A new museum is opening in Alabama to expose visitors to the horrors of slavery, lynching and life in the Jim Crow era of the Southern United States.
The Legacy Museum, which includes a memorial called The National Memorial for Peace and Justice, has opened in Montgomery, Alabama, to showcase the history of racism in the South. The Equal Justice Initiative, which helped organize the project, documented the lynchings of more than 4,400 African-Americans from 1877 to 1950, in order to better inform the exhibit.
One of the most notable aspects of the exhibit is that it visually represents the horrors of racial oppression throughout American history. When visitors first walk into the memorial, they see a sculpture depicting men and women in collars and chains as they arrived in the United States for the first time as slaves. When visitors reach the main display, they see more than 800 six-foot steel monuments. Each one represents a county in the United States where at least one lynching occurred between the end of Reconstruction and the beginning of the second half of the 20th century. Lynching victims' names are engraved on the monuments, and some of them include a description of what caused the victim to be lynched.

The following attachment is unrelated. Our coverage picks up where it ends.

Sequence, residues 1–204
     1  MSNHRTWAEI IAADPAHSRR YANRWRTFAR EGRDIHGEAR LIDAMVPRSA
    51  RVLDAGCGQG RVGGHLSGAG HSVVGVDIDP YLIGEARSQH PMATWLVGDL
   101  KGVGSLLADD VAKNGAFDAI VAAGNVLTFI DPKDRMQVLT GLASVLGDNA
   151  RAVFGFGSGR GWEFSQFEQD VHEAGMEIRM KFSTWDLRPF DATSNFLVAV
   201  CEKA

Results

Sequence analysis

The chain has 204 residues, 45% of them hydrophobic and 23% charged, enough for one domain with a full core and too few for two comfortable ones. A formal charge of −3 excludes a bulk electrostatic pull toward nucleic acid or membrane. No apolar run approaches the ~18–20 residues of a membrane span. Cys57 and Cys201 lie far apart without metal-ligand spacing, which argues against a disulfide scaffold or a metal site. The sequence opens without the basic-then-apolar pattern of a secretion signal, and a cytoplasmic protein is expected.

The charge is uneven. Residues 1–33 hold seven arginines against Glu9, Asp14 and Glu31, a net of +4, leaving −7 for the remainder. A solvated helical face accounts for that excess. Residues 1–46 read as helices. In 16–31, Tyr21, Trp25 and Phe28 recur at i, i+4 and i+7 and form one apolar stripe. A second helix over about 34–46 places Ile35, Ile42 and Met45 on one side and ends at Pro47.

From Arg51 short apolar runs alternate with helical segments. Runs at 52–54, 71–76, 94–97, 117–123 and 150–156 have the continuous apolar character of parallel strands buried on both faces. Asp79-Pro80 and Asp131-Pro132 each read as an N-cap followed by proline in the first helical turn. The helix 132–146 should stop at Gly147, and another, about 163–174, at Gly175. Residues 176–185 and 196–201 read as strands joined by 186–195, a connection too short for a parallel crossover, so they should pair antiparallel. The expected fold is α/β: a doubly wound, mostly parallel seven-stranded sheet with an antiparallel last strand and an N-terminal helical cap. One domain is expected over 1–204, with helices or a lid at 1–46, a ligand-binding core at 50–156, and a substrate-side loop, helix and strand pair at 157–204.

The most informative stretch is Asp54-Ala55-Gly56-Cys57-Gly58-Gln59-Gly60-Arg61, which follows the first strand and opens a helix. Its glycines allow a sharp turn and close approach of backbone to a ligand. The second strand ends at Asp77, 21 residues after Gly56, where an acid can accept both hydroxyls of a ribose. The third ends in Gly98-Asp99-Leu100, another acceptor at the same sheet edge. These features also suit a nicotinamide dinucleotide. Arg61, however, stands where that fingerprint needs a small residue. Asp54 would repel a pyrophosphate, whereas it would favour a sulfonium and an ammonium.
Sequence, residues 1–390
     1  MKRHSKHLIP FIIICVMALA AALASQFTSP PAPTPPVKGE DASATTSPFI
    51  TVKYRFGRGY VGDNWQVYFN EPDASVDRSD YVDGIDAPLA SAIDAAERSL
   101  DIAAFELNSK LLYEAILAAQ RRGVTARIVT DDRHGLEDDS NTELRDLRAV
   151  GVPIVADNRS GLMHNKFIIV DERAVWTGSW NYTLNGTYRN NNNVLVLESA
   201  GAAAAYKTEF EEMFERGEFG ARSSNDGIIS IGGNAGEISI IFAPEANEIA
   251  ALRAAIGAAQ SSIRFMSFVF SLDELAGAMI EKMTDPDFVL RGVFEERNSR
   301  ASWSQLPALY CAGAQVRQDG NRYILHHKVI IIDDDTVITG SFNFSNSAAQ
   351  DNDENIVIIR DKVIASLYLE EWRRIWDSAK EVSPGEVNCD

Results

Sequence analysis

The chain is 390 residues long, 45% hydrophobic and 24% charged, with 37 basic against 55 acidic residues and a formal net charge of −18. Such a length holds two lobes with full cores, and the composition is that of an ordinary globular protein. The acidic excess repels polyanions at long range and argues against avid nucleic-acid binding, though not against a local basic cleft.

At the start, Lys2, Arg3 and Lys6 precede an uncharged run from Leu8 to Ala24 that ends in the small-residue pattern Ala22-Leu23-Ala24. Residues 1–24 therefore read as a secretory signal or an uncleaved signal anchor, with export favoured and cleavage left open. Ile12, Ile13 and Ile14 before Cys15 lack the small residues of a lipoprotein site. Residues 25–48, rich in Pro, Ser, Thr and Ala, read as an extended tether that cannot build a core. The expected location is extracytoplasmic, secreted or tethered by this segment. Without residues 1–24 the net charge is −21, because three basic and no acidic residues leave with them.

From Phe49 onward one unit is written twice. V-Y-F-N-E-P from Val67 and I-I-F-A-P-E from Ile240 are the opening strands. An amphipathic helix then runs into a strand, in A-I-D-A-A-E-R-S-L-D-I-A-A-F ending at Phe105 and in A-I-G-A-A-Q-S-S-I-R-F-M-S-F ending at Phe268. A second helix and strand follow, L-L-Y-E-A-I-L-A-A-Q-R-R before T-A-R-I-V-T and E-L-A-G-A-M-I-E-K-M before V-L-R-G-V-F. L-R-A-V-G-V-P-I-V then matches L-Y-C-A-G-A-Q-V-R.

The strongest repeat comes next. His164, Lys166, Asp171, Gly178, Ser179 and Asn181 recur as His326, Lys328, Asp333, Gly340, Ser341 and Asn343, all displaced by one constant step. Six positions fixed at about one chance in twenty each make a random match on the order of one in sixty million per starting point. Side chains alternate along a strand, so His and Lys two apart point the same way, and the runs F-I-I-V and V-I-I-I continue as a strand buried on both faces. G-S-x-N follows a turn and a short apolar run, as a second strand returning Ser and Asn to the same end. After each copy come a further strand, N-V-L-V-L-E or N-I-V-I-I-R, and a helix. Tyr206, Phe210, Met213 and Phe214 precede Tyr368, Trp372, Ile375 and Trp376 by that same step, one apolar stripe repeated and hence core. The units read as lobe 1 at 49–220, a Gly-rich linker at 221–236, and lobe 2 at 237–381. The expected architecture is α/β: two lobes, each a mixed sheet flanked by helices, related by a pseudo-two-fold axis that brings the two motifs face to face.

Reasons ranged from "frightening" a white girl to asking an employer for higher wages. The descriptions exist to point out that African-American lives had so little value that even a white person's most minor grievance could carry a capital penalty if you were black in the United States.
EJI Executive Director Bryan Stevenson told AL.com that the exhibit was created in order to establish a dialogue about America's racist history.
"I think we have to talk about our history of slavery and be clear about it. We have to talk about our history of lynching and segregation. And when we talk about it, I think we create something that can really be transformative. This is about truth and reconciliation, about truth and repair, about truth and restoration," Stevenson told AL.com.
He added, "The whole point of lynching was to raise up this violence. They wanted the entire African-American community to see the battered, bloody bodies that they had destroyed."